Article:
What do points make? Prizes - or so the famous TV gameshow catchphrase goes. And that is particularly apt in this F1 scenario.
Hamilton’s fourth place finish in China was his 28th consecutive finish in the points – a new all-time record that stretches across three F1 campaigns, starting at the 2016 Japanese Grand Prix.
During that time, he has clinched one world championship, 13 victories and 21 podiums. It’s an astonishing hit-rate.
How has it been possible?
Mercedes have been close to bulletproof since the start of the V6 era in 2014. That has created the foundation to win four successive double drivers’ and constructors’ world championships.
In 82 Grands Prix (or 164 starts for two cars) since the new engine formula was introduced, Mercedes have failed to see the chequered flag just 12 times.
That compares to 24 for Ferrari and 29 for Red Bull in the same period. Even more remarkably, of the 152 times their drivers have reached the finish, only twice have they not been in the points.
Hamilton’s last retirement came at the 2016 Malaysian Grand Prix (above), when his engine expired while he was leading the race. He ultimately went on to lose the title.
Since then, Mercedes have only suffered one more mechanical failure in a race, when Bottas’s engine failed in the 2017 Spanish Grand Prix, while continuing to push on and find more performance.
How does his streak compare to others?
Hamilton's is an extraordinary feat. Kimi Raikkonen (above) was the previous record holder, the Iceman spending 27 races in the points between Bahrain 2012 and Hungary 2013 as part of his F1 comeback with Lotus.
You then have to go back to the early 2000s for the previous best. Michael Schumacher spent 24 races in the points between Hungary 2001 and Malaysia 2003, as Ferrari dominated F1.
Only five times in F1 history has a driver finished 20 successive races or more in the points – Fernando Alonso (23) and Sebastian Vettel (21) complete the top five.
Currently, the next best points streak is Hamilton’s team mate Valtteri Bottas’ 18. Vettel is next up but a long way back on seven successive races in the points.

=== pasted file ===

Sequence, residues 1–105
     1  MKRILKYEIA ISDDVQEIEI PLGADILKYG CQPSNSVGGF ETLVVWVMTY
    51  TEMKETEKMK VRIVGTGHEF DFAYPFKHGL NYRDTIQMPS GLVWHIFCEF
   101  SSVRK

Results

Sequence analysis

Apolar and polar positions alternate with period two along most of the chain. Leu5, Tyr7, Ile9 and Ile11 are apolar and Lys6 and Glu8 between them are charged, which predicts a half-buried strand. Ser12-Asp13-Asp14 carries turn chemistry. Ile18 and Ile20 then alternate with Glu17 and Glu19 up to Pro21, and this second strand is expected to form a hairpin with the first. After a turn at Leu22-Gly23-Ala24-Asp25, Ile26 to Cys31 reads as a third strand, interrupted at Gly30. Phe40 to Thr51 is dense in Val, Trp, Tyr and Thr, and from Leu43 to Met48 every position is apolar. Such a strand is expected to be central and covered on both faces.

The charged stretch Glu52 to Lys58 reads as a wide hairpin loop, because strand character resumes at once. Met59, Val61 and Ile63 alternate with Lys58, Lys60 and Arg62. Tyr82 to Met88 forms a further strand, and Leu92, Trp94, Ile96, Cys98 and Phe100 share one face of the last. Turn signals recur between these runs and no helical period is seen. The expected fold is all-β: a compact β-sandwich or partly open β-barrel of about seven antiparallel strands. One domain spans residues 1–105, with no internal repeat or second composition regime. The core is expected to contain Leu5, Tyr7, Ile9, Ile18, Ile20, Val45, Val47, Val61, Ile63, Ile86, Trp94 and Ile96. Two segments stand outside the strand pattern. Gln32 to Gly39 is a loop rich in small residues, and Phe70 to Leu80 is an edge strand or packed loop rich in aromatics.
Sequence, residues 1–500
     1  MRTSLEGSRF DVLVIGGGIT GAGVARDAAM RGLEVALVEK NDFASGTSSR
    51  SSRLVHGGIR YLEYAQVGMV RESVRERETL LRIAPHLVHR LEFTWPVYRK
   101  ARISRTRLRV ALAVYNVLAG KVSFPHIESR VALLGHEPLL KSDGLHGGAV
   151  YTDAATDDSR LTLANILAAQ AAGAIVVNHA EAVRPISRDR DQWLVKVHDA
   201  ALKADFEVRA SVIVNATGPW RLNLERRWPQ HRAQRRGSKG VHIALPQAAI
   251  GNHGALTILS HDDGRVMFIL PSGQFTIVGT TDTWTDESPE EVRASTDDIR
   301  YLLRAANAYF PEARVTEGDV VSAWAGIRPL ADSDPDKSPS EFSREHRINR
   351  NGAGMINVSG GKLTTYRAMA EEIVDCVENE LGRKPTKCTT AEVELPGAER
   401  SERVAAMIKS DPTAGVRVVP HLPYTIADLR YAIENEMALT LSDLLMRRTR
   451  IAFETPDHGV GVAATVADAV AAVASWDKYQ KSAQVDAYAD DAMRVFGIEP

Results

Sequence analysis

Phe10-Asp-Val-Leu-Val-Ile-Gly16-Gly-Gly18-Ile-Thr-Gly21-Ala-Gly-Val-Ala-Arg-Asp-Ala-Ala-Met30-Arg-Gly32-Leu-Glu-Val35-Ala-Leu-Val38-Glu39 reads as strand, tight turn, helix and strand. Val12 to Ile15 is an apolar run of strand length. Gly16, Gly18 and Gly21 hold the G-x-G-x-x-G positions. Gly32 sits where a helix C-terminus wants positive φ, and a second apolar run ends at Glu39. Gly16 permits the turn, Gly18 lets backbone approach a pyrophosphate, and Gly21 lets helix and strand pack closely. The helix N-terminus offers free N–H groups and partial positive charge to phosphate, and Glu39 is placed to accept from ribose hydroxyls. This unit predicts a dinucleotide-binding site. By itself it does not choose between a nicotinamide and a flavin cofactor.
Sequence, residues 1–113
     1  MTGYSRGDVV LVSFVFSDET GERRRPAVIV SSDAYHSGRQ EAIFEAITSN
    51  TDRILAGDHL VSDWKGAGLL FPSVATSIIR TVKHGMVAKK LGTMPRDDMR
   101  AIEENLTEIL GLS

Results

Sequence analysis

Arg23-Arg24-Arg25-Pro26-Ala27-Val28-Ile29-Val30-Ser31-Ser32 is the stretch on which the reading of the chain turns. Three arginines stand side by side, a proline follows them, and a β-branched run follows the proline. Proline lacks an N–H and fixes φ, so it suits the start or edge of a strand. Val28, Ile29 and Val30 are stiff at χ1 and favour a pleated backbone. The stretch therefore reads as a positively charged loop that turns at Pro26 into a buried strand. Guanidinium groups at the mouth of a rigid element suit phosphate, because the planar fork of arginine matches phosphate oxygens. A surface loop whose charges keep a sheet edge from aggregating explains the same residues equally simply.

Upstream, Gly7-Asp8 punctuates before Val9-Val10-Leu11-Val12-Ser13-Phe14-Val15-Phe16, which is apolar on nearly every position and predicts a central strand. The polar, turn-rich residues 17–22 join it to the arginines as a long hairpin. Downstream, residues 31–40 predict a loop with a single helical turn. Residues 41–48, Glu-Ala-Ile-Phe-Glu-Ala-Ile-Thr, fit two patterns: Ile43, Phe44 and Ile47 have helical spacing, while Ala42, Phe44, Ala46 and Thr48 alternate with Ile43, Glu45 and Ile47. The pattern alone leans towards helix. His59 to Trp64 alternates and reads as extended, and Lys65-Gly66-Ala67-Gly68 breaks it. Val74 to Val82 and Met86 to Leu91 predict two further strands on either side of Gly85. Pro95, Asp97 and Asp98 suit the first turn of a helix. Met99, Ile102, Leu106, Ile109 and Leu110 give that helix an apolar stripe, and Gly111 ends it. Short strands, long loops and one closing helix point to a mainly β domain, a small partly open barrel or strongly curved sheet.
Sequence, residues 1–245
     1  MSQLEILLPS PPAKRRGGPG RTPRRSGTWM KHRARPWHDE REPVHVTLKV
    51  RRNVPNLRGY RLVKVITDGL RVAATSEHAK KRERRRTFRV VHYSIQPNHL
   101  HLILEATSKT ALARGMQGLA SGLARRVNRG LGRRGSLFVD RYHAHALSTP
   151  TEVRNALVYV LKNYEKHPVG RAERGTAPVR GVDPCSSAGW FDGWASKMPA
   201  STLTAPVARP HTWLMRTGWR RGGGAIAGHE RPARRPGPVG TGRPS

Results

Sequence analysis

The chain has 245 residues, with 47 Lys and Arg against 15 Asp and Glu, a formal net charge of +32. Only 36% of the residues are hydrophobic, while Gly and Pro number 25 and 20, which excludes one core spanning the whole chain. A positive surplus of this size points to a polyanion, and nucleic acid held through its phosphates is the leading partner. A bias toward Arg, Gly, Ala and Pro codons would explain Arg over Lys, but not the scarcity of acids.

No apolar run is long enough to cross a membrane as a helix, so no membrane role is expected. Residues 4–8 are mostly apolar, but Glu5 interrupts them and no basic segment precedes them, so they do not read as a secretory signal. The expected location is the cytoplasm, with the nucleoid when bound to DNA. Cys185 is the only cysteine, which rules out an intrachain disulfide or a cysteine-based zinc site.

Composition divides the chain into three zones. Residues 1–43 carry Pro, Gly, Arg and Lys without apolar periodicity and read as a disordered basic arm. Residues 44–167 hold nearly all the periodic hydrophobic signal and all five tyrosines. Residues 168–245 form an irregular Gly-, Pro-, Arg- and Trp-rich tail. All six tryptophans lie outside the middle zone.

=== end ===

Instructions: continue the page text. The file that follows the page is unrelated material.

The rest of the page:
When did Hamilton’s streak come closest to falling apart?
It could have all been over in Mexico 2017. Starting third, he had contact with Vettel in the opening sequence of corners and picked up a puncture, dropping him to the back of the field.
But though his Mercedes had sustained diffuser damage, Hamilton cut through the field to salvage ninth – and seal his fourth world championship in the process.
The run came close to ending in Monaco, too, last year. After what he described as a “disastrous” qualifying, Hamilton lined up 13th on the grid.
The strategists predicted 10th was probably the maximum, given the difficulties of passing on the tight Monte Carlo track, but he exceeded expectations to take seventh.
How long could it last?
That’s an impossible question, of course. But in modern F1, reliability has improved to such an extent that the odds are in Hamilton’s favour. There are also more races in a season these days, which means a longer streak is possible if you have a strong and reliable car.
But this year an even greater emphasis has been placed on reliability, with drivers limited to just three each of the internal combustion engines, turbochargers and MGU-Hs and two of the MGU-K, energy store and control electronics, which may put pressure on the streak later in the year.
Reliability has so far been a cornerstone of Mercedes’ success in the V6 era. But for how long will that continue?
- Lawrence Barretto